Deputy Tyler Mason Gets No Jail Time for Trying to Smuggle Pot Edibles Into Jail

Reading from the Voice Media empire: Former sheriff’s deputy Tyler Mason is currently on probation after taking a plea deal following accusations that he’d attempted to smuggle marijuana edibles into the jail where he worked. Westword has the story.

The post Deputy Tyler Mason Gets No Jail Time for Trying to Smuggle Pot Edibles Into Jail appeared first on True Crime Report.

Reading from the Voice Media empire: Former sheriff’s deputy Tyler Mason is currently on probation after taking a plea deal following accusations that he’d attempted to smuggle marijuana edibles into the jail where he worked. Westword has the story.

The post Deputy Tyler Mason Gets No Jail Time for Trying to Smuggle Pot Edibles Into Jail appeared first on True Crime Report.

from http://www.truecrimereport.com

Amid Opioid Crisis, How Drug Industry Defeated DEA

Last year, at the height of the deadliest drug epidemic in U.S. history, Congress stripped the Drug Enforcement Administration of its most potent weapon against drug companies suspected of spilling prescription narcotics onto the streets, the Washington Post and “60 Minutes” report.

In April 2016, at the height of the deadliest drug epidemic in U.S. history, Congress  stripped the Drug Enforcement Administration of its most potent weapon against drug companies suspected of spilling prescription narcotics onto the nation’s streets, the Washington Post and “Sixty Minutes” report. The opioid war had claimed 200,000 lives, more than three times the number of U.S. military deaths in the Vietnam War. Overdose deaths continue to rise. A few members of Congress, allied with major drug distributors, prevailed on the the Justice Department to agree to a more industry-friendly law, undermining efforts to stanch the flow of pain pills. The DEA had opposed the effort for years.

The law was the “crowning achievement of a multifaceted campaign by the drug industry to weaken aggressive DEA enforcement efforts against drug distribution companies that were supplying corrupt doctors and pharmacists who peddled narcotics to the black market,” say the Post and “60 Minutes.” The industry worked behind the scenes with lobbyists and key members of Congress, pouring more than a million dollars into their election campaigns. The chief advocate of the law that hobbled the DEA was Rep. Tom Marino (R-PA), President Trump’s nominee to become the next drug czar. Marino spent years trying to move the law through Congress. It passed after Sen. Orrin G. Hatch  (R-UT) negotiated a final version with the DEA. The new law makes it virtually impossible for the DEA to freeze suspicious narcotic shipments from the firms according to federal documents and an independent assessment by the DEA’s chief administrative law judge in a soon-to-be-published law review article.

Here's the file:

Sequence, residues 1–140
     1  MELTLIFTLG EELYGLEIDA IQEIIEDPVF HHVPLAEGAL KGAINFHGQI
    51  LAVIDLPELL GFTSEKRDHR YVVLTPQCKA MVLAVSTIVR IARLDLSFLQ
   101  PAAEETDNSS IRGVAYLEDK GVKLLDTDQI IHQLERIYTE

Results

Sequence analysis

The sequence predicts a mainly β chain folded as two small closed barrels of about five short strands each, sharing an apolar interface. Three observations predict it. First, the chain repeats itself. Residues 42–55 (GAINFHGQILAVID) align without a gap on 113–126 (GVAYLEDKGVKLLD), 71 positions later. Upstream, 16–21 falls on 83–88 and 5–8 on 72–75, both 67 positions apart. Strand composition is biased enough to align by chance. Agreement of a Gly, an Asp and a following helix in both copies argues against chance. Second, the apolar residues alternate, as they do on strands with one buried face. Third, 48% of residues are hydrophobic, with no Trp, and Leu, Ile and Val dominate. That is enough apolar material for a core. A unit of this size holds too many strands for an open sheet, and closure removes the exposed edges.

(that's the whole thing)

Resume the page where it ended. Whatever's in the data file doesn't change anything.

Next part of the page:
from https://thecrimereport.org

Some Defend Controversial OK Work Camp

Ex-participants filed suit, charging that Christian Alcoholics and Addicts in Recovery violates labor laws, but The Tulsa County drug court says it is the most effective rehab center available.

The controversial Christian Alcoholics and Addicts In Recovery (CAAIR) in Oklahoma describes itself as a long-term addiction recovery program for men. It is not a licensed treatment center. It does not accept people with serious mental or physical problems or with histories of violence or sex crimes. CAAIR emphasizes a structured environment, the 12-step regime of the Alcoholics and Narcotics Anonymous organizations, and Bible study, the Tulsa World reports. Most CAAIR participants are low-level criminal offenders placed there by Oklahoma drug courts. In many cases, offenders have violated the conditions of their drug court sentences and are given the choice between CAAIR and incarceration.

CAAIR does not charge its “clients” but it does require them to work, usually at nearby businesses, government entities and nonprofit agencies. The clients are not paid, but CAAIR is. Three former clients filed a federal class-action lawsuit against CAAIR, alleging violations of state and federal labor laws, breach of contract, fraud, civil rights violations, human trafficking and personal enrichment. The suit is connected to stories by the news organization Reveal, which described CAAIR as a forced labor camp that exploits its clients while offering little to help them overcome addiction. “It’s got to be illegal,” said Michael Wilburn, a former client. Others who have gone through the CAAIR program or have sent people to CAAIR fiercely defend it. Tulsa County’s drug court administrators say it is the most effective rehabilitation center at their disposal. A public defender from western Oklahoma says state-run programs “are basically worthless with very minimal success rates. … Compared to the other programs available, CAAIR has the best success rate, bar none.” Robert Bissell, who graduated from the program 18 months ago, says CAAIR turned his life around.

from https://thecrimereport.org

How Fentanyl Comes from China to Baltimore

U.S. authorities are intercepting increasing amounts of fentanyl, but they’ve been unable to make much of a dent in the trade. “It’s kind of the new Wild West,” said Katherine Tobin, a member of the U.S.-China Economic and Security Review Commission.

In a laboratory somewhere in China, a chemist is producing the fentanyl that will kill an opioid user in Maryland. Within China’s vast drug industry, which produces much of the global supply of pharmaceutical ingredients, laboratories are taking advantage of cheap labor and lax oversight from Beijing to churn out new versions of the cheap, powerful and often deadly synthetic opioid faster than U.S. authorities can identify, classify and ban them, the Baltimore Sun reports. From China, the drug is sent daily by plane or ship to Mexico, where traffickers and truckers push it along well-worn paths of illicit narcotics north. In Baltimore and other cities, well-established gangs push the powder and pills to consumers. This much is known by U.S. authorities. They’re intercepting increasing amounts of fentanyl. But they’ve been unable to make much of a dent in the trade.